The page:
What to do with your unit tests 1

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A unit test tests a particular unit of code – its definition is self explanatory. A unit can be considered to be the smallest testable part of the application. In practice, it is usually one function or method. We are all familiar with them, know a few unit test frameworks and are aware that there are dozens of them in the market. What developers often forget is that unit tests do not prove that an application works as intended. They proves that an application’s particular pieces of code work as the developer expects.

Nevertheless, unit tests are an essential part of almost every project and their value is tremendous. The most common and obvious benefits include:

  • very fast feedback – usually you are aware of any detected problems in minutes and can take care of them without leaving a coding flow. By the way, they are the most often executed tests.
  • allows refactoring – with high unit test code coverage you can refactor without the fear of introducing regression. It is more or less easy (at least easier than without unit tests) to ensure that code provides the same functionality as before.
  • enforces better design – writing proper unit tests forces you to fully separate each of the application layers (database access is the most obvious example), use dependency injection, and use many other good practices,
  • provides some sort of living documentation – unit tests themselves define expectations regarding code behaviour. If a unit test is available for a piece of code you are analyzing, you should check it to know what is the expected output of particular inputs.

To fully benefit from unit tests several rules and good practices should be followed. There is not much gain if tests are slow, dependent on each other and hard to analyze. There are many books about the topic, analyzing and describing each practice in detail. Here is an excerpt of the most important ones which are a must have:

  • do not involve UI – you should test a piece of code – this is not an integration or smoke test. However, in some rare cases UI might be involved if you are testing it separately to the whole application,
  • use dependency injection – it is much easier to provide stub objects in comparison to standard class coupling,
  • make sure that your tests are fast – it is assumed that you should be able to execute on average 100 unit tests per second. Actively monitor for long running test (even break a build) and refactor them,


  • do not integrate with other systems – unit tests shouldn’t touch the database, file system, any messaging or event systems, etc. Those parts are reserved for integration and components tests.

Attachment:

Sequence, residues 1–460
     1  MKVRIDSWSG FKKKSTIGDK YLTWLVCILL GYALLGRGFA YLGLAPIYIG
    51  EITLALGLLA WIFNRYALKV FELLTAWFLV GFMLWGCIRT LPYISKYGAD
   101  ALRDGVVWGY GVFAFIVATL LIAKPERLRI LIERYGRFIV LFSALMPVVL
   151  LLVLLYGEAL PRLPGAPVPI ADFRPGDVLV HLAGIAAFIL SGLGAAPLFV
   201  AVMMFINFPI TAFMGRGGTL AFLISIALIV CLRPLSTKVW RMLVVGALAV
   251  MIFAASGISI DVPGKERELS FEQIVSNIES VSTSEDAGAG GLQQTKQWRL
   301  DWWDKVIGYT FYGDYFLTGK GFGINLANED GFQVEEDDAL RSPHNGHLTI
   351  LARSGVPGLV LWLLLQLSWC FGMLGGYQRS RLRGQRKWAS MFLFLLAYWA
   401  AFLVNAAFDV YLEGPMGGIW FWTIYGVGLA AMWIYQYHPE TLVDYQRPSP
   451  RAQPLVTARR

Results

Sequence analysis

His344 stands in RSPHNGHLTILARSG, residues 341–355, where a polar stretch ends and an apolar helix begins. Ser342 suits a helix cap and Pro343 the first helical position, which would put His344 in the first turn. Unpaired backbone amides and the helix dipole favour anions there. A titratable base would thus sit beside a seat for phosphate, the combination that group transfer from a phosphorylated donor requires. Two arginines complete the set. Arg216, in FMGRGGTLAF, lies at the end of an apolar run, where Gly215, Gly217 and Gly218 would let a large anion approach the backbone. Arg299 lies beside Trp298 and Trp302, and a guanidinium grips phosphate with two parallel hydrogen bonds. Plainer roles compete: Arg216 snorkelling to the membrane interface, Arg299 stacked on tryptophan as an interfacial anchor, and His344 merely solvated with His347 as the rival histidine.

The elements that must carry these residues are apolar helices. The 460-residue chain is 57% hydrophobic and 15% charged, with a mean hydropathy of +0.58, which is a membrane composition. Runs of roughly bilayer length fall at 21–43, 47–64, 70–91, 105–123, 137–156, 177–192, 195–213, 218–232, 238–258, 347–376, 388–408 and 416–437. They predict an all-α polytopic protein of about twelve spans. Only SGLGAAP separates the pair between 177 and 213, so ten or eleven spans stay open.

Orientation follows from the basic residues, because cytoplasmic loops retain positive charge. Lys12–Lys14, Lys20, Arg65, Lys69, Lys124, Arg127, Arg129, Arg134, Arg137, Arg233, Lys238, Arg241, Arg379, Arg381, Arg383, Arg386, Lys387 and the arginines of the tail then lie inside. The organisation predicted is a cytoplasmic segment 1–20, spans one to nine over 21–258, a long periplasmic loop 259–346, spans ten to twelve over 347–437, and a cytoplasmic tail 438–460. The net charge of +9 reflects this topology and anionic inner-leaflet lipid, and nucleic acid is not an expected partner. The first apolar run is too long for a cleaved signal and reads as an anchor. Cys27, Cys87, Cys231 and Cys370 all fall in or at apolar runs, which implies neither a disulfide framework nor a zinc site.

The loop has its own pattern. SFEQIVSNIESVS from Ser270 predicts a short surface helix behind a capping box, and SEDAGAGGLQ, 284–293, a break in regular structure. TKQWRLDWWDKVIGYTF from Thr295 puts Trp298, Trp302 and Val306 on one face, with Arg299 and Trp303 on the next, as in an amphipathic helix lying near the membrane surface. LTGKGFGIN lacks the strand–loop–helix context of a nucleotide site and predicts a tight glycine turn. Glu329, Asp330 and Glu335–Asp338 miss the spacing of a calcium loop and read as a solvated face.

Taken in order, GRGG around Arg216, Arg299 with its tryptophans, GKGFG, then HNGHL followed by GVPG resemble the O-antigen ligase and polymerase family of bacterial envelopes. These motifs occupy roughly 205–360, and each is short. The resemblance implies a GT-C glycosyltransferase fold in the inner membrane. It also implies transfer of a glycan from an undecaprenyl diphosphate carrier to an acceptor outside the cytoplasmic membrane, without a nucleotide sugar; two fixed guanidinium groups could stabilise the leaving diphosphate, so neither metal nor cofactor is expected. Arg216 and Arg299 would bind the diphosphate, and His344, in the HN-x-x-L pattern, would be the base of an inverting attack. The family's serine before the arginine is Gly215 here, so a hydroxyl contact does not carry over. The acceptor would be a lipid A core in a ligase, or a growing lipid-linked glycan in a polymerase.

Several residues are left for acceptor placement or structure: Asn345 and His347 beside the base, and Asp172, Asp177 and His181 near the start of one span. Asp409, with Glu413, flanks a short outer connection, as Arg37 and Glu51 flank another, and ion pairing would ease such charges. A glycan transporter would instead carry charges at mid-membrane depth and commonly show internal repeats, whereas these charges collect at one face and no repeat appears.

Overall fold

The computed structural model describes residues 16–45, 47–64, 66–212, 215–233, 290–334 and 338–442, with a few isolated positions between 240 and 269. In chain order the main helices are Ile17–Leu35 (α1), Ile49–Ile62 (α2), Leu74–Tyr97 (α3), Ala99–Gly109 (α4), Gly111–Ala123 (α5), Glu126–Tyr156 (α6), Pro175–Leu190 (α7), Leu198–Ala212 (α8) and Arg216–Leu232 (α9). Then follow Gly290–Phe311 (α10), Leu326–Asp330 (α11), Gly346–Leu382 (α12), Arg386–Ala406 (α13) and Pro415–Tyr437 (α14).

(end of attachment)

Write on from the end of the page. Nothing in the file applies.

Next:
• test one assumption per test – unit tests should check a particular piece of code for a particular behaviour. Do not test complicated flows (even in one class context) in one test. It is good practice to have only one assert statement per test,
  • use testing framework – kind of an obvious one but still worth it to remember. If you need a custom framework, build it on a base of already available solutions. There is no point in reinventing the wheel,
  • tests should be independent of each other – in other words, the result and end state of all previously executed tests should not affect the ones which will be executed. This is a problem of many projects where there was no emphasis on writing proper tests. As a result the effort related to maintaining and analyzing failures is much bigger than usual,
  • use mock or stubs to test code behaviour in isolation – again, you should test only a particular piece of code. Changes in any other than the current one class should not break its unit tests.

This is ideal. However, violating any of the above principles usually leads to long executing and tightly coupled unit tests which are hard to maintain and analyze. As a result, developers lose their trust in them, they are executed less frequently and are not providing the value as expected. Such a situation is also referred to as having hybrid tests. They are supposed to be unit ones but some of them are touching the file system, some use in-memory database, some start part of application context. They are still quite fast, maybe they do not even depend on each other, but they are no longer unit tests. We should clearly distinguish them from unit tests and mark them as integration ones. However, it doesn’t prevent us from allowing developers to execute them easily during the build.

The above practices are the ones which I personally think are the most important. They are also the ones which are frequently not followed. Make sure that all developers within your project are aware of them. It is worth it to keep them in mind while writing new and refactoring old tests. What’s your experience with unit tests? Do you know any other rules and practices which are worth mentioning and almost always following?

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